Schwimmer petitions for habeas corpus, contending that the state court's denial of his motion to suppress the tape recording of the October 18th meeting was a violation of his Sixth Amendment right to counsel.
The state answers that the right to counsel did not arise at the October 18th meeting because the conversation took place in the course of a good faith investigation with an objective independent of the pending charges, and because Schwimmer did not make the taped remarks as a result of interrogation, but rather volunteered the information. The state also argues that Schwimmer failed to exhaust his state remedies by failing to alert the state court to the federal nature of his claim.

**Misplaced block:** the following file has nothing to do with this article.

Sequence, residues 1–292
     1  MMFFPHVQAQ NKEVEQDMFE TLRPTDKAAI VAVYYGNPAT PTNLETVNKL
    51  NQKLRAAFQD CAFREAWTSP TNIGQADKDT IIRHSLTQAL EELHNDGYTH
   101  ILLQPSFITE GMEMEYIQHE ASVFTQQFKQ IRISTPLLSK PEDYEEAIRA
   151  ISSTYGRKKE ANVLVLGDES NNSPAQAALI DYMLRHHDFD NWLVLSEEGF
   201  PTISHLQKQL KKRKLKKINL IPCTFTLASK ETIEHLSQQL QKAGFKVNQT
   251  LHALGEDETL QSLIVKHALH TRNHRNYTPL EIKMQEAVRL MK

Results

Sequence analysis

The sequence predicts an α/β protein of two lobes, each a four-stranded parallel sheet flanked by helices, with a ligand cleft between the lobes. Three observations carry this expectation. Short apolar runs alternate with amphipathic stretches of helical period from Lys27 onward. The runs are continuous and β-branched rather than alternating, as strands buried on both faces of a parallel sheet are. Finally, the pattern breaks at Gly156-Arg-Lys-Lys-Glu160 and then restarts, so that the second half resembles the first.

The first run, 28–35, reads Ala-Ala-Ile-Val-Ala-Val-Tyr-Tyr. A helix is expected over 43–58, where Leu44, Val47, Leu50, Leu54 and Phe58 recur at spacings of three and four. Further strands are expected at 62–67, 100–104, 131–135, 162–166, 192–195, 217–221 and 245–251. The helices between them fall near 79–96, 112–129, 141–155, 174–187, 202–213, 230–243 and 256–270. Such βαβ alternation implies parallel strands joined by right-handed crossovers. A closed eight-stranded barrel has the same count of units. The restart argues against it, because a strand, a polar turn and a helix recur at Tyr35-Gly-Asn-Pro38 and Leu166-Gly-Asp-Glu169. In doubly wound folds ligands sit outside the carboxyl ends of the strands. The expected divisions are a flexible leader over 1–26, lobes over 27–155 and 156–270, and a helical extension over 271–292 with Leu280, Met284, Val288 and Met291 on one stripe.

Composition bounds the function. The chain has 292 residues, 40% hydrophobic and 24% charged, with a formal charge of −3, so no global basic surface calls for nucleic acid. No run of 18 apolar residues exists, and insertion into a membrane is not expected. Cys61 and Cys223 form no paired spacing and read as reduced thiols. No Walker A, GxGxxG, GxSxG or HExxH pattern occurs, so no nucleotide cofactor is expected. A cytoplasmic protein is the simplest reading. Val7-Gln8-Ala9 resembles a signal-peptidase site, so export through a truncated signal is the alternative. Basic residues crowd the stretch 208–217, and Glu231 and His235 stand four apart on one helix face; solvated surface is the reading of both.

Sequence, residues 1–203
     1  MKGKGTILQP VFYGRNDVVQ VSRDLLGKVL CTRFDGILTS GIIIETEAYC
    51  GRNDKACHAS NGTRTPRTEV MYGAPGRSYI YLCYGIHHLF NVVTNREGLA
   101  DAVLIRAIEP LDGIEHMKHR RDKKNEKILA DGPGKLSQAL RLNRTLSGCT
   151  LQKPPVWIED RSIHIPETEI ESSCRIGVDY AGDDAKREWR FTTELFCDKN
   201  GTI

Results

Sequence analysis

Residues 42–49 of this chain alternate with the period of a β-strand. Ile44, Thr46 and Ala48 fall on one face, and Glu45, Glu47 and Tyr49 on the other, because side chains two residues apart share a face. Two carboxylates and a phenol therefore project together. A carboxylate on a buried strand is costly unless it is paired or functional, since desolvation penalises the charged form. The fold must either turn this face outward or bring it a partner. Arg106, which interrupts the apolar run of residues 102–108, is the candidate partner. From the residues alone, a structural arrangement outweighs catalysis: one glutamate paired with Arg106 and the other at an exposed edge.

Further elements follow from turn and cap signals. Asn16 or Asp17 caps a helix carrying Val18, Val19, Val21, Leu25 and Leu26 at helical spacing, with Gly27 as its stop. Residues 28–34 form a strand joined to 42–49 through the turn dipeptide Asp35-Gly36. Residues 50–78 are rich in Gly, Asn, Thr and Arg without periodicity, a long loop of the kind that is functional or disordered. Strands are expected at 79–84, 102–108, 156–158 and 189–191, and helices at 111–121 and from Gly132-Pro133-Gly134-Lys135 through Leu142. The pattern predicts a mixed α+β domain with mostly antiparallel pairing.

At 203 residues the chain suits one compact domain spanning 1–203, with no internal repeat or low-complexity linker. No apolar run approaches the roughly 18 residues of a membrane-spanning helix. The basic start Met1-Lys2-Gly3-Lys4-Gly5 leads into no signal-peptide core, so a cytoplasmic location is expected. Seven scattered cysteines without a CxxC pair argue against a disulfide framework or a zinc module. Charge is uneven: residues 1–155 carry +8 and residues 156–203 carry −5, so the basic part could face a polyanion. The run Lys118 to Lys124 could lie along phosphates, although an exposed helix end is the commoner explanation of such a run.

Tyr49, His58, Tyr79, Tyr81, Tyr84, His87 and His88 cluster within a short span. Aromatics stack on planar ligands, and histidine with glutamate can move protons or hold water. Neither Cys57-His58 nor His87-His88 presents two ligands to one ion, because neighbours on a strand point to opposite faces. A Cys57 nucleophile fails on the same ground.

In order to have exhausted his state remedies, a petitioner must have complied with the "federal labelling requirement," Daye v. Attorney General, 663 F.2d 1155; that is, in his brief to the state appellate court, he must have "explicitly refer(red) to a federal constitutional standard." Id. at 1156. Schwimmer did not explicitly refer to the federal constitution, but he did cite to and quote from federal cases. (Brief to Appellate Division at 11, 12). Whether reliance on federal cases is sufficient to satisfy the federal labelling requirement is unclear; moreover, the status of the labelling requirement itself is uncertain-the Daye case was recently reheard by the Court of Appeals en banc. In our view, Schwimmer's quotation of Supreme Court cases sufficiently alerted the state court to the fact that he relied, in part, on the federal constitution. In any event, in view of the conclusion, infra, that the petition must be denied on the merits, it is unnecessary to determine whether petitioner's reference to reliance on federal cases was sufficient to give the state court a fair opportunity to adjudicate his claims and thereby constituted exhaustion of his state remedy.